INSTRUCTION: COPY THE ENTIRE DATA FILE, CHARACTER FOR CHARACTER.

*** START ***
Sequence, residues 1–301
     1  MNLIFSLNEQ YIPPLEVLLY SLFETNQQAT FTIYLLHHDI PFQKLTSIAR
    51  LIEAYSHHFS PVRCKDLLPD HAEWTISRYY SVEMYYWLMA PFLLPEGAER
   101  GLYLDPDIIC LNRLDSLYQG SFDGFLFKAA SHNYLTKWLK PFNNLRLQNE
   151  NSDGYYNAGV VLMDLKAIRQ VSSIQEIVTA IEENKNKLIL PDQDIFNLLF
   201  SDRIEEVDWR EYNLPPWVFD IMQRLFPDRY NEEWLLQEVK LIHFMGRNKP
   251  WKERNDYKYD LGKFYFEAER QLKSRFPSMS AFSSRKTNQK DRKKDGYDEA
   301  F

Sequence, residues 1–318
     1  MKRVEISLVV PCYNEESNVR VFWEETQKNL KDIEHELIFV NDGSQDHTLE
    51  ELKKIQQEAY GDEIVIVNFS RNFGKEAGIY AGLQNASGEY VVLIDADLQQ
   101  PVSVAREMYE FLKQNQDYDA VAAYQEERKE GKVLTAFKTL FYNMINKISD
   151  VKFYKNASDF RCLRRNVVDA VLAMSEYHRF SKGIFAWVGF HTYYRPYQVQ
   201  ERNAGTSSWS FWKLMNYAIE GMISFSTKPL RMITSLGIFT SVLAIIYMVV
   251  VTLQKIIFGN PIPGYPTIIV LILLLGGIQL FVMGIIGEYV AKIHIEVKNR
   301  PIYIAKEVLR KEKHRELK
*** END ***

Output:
Sequence, residues 1–301
     1  MNLIFSLNEQ YIPPLEVLLY SLFETNQQAT FTIYLLHHDI PFQKLTSIAR
    51  LIEAYSHHFS PVRCKDLLPD HAEWTISRYY SVEMYYWLMA PFLLPEGAER
   101  GLYLDPDIIC LNRLDSLYQG SFDGFLFKAA SHNYLTKWLK PFNNLRLQNE
   151  NSDGYYNAGV VLMDLKAIRQ VSSIQEIVTA IEENKNKLIL PDQDIFNLLF
   201  SDRIEEVDWR EYNLPPWVFD IMQRLFPDRY NEEWLLQEVK LIHFMGRNKP
   251  WKERNDYKYD LGKFYFEAER QLKSRFPSMS AFSSRKTNQK DRKKDGYDEA
   301  F

Sequence, residues 1–318
     1  MKRVEISLVV PCYNEESNVR VFWEETQKNL KDIEHELIFV NDGSQDHTLE
    51  ELKKIQQEAY GDEIVIVNFS RNFGKEAGIY AGLQNASGEY VVLIDADLQQ
   101  PVSVAREMYE FLKQNQDYDA VAAYQEERKE GKVLTAFKTL FYNMINKISD
   151  VKFYKNASDF RCLRRNVVDA VLAMSEYHRF SKGIFAWVGF HTYYRPYQVQ
   201  ERNAGTSSWS FWKLMNYAIE GMISFSTKPL RMITSLGIFT SVLAIIYMVV
   251  VTLQKIIFGN PIPGYPTIIV LILLLGGIQL FVMGIIGEYV AKIHIEVKNR
   301  PIYIAKEVLR KEKHRELK